Outlook: Bailey and Bachie, a college free agent last year who played four games for the Eagles, will battle for the final spot. This will be the year to determine how fast Bailey can play coming off his college injuries. Big camp for him. Elsewhere, Davis-Gaither and Wilson will be counted on to show a second-year jump at a position where the Bengals badly need improved play for what feels like the 87th consecutive season.

Cornerbacks (6)

Starters: Trae Waynes, Chidobe Awuzie, Mike Hilton
Reserves: Darius Phillips, Eli Apple, Tony Brown
Outside looking in: Donnie Lewis, Jalen Davis, Winston Rose, Antonio Phillips

Outlook: The next month will be about that sixth spot. Brown held it down last year and earned stripes on special teams, but he’s far from untouchable if any of the others stand out in the preseason. Otherwise, the pecking order looks set unless Apple can outplay Phillips to be first off the bench. More than likely, Phillips, in a contract year, will fill in should anything happen to the starting three.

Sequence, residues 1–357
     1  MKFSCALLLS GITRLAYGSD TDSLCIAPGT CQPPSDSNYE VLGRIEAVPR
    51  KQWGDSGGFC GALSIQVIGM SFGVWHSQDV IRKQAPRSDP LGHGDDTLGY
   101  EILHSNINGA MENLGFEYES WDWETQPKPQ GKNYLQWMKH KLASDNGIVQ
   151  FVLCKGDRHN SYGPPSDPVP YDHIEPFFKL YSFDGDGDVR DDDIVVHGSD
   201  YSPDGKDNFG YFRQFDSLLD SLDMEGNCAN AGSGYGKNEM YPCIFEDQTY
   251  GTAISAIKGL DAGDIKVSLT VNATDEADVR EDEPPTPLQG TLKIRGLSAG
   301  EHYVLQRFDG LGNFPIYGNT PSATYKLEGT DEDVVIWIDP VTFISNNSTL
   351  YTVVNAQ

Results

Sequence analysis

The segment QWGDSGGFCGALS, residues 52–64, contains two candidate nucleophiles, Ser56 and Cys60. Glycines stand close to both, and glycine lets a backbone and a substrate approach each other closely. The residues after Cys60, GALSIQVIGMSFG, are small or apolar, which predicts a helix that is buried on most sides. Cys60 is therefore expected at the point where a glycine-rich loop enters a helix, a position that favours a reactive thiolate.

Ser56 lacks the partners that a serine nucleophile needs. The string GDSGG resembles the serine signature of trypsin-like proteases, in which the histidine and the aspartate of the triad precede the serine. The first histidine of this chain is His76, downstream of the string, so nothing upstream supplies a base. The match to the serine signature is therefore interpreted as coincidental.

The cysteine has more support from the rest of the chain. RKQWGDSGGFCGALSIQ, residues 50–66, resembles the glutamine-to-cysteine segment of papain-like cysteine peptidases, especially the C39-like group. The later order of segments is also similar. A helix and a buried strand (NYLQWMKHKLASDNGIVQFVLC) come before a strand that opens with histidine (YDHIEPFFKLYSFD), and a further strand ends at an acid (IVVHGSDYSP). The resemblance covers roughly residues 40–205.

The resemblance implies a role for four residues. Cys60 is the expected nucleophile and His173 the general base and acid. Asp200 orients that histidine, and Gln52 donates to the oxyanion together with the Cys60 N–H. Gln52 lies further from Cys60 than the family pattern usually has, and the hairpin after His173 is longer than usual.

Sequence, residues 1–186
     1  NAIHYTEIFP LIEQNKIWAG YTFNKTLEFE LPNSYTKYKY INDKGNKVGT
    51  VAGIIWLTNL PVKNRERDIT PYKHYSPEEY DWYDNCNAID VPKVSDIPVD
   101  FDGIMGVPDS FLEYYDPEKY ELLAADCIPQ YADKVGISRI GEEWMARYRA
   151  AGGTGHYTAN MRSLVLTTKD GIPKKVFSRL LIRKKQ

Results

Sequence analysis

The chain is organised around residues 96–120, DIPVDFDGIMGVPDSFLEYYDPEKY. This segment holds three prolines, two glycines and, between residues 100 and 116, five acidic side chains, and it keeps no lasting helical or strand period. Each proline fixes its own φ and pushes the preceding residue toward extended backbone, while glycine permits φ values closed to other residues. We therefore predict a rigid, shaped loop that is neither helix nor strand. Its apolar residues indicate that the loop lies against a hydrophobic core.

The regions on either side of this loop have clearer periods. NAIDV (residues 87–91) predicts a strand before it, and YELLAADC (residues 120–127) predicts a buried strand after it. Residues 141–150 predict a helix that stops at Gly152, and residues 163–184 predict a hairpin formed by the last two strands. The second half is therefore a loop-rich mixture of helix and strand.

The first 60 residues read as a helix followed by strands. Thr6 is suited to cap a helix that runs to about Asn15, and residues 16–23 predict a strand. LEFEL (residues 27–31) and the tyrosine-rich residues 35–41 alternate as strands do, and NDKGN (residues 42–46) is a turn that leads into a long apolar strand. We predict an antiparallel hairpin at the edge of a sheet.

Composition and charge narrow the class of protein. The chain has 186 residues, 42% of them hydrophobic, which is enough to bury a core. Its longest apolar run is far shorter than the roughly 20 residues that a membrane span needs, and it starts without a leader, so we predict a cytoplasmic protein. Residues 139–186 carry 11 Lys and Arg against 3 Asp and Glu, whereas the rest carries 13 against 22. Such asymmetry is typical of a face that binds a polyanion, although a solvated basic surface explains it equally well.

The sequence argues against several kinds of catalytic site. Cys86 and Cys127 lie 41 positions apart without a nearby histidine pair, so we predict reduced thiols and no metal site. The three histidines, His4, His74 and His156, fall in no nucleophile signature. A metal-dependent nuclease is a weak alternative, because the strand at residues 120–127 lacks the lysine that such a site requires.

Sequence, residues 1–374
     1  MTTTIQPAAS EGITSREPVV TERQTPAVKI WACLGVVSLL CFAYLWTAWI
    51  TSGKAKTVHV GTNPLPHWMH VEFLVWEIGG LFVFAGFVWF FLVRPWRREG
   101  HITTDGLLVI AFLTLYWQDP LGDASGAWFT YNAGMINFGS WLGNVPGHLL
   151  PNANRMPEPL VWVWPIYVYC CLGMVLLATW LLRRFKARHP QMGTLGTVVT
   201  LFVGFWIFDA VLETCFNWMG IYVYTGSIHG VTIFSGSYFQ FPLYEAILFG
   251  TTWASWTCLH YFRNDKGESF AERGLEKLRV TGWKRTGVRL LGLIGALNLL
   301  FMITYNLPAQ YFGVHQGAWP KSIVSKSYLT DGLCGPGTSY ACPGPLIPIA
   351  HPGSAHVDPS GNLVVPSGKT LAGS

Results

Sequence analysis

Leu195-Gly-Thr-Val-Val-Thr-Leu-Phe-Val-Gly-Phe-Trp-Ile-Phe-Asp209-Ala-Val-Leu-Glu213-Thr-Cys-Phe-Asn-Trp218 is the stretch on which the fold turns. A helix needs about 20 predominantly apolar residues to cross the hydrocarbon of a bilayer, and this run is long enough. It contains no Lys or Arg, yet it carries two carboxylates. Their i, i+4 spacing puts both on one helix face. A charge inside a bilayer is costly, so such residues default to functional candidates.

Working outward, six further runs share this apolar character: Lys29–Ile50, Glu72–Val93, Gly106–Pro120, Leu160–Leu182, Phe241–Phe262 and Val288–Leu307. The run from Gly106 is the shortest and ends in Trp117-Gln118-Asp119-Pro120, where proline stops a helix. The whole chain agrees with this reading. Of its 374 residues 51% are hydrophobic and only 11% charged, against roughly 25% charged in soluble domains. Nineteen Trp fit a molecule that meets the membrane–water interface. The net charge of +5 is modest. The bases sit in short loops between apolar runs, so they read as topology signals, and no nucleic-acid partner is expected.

Safeties (4)

Starters: Jessie Bates, Vonn Bell
Reserves: Ricardo Allen, Brandon Wilson
Outside looking in: Trayvon Henderson, Kavon Frazier

Outlook: Safety ranks just below quarterback as the easiest to predict — only an injury will shake up this setup. Allen came over with versatility and football intelligence as a reliable backup, and Wilson might be the best kick returner in the NFL.

Specialists (3)
Starters: P Kevin Huber, LS Clark Harris, K Evan McPherson
Outside looking in: P Drue Chrisman, K Austin Seibert

Outlook: A hand injury will doom Chrisman’s bid to supplant Huber this year, but he’ll likely be able to show what he’s got on the practice squad and potentially fill the role next year. It would take a mammoth collapse for McPherson not to win the kicking competition, but it can happen, as Bengals fans and Jake Elliott know all too well.